Handbook of Rural Development
Show Less

Handbook of Rural Development

  • Elgar original reference

Edited by Gary Paul Green

Although most countries in the world are rapidly urbanizing, the majority of the global population – particularly the poor – continue to live in rural areas. This Handbook rejects the popular notion that urbanization should be universally encouraged and presents clear evidence of the vital importance of rural people and places, particularly in terms of environmental conservation. Expert contributors from around the world explore how global trends, state policies and grassroots movements affect contemporary rural areas in both developed and developing countries.
Buy Book in Print
Show Summary Details

Chapter 7: Agriculture and rural development

Linda Lobao and Jeff Sharp

Extract

The traditional economic base in rural areas globally is agriculture. Not surprisingly, in the minds of both the public and policy makers, the farm sector tends to be viewed as the lead generator of rural development across nations. Policy directed to agriculture has historically been synonymous with rural development policy in the United States (Browne et al. 1992), as well as most other nations (Barrett et al. 2010). In the US case, this sectoral approach to rural development persists even though less than 5 percent of rural Americans live on farms (Lobao and Meyer 2004, p._14). Researchers have long leveled the criticism that agricultural policy remains the de facto US rural development policy, with the result that rural elites (in other words, farm owners) are the major beneficiaries as opposed to the vast majority of rural people (Browne et al. 1992; Irwin et al. 2010; Lobao and Meyer 2004). In this chapter, we examine the manner by which agriculture has been studied as a sector generating rural development. By ‘agriculture’, we refer to and focus on the farm sector of the food and fiber industry. By ‘rural development’ we refer to a package of indicators of populations’ well-being, focusing particularly on socio-economic conditions. By the latter we include standard indicators of economic development as measured by economic performance such as aggregate income and employment; and a broader range of indicators on the distribution of material well-being, such as poverty rates and income inequality.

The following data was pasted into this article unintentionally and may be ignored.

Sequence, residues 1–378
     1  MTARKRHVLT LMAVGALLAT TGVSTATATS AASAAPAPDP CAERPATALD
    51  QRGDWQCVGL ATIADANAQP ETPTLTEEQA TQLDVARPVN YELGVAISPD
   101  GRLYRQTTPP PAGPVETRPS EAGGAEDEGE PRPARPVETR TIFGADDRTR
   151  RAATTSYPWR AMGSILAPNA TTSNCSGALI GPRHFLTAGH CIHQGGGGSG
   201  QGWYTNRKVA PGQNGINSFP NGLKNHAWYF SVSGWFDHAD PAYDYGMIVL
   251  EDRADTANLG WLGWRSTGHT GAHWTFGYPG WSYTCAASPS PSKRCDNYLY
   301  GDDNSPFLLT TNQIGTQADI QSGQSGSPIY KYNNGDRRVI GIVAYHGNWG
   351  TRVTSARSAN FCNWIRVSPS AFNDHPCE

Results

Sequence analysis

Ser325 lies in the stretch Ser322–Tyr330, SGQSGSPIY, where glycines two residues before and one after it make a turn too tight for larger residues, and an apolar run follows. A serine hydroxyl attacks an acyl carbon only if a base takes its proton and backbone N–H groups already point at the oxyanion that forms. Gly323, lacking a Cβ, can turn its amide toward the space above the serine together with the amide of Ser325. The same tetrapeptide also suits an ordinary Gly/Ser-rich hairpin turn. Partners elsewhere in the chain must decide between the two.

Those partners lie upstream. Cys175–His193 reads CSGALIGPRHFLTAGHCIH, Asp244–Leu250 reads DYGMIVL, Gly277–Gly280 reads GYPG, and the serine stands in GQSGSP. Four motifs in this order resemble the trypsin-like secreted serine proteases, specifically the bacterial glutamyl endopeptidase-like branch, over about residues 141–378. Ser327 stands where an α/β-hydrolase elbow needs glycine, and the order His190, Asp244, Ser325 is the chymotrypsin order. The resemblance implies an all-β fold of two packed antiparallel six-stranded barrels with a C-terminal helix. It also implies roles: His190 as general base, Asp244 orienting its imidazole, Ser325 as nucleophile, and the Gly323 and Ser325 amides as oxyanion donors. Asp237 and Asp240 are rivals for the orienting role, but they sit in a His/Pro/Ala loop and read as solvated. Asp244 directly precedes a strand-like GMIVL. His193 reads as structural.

You are not authenticated to view the full text of this chapter or article.

Elgaronline requires a subscription or purchase to access the full text of books or journals. Please login through your library system or with your personal username and password on the homepage.

Non-subscribers can freely search the site, view abstracts/ extracts and download selected front matter and introductory chapters for personal use.

Your library may not have purchased all subject areas. If you are authenticated and think you should have access to this title, please contact your librarian.


Further information

or login to access all content.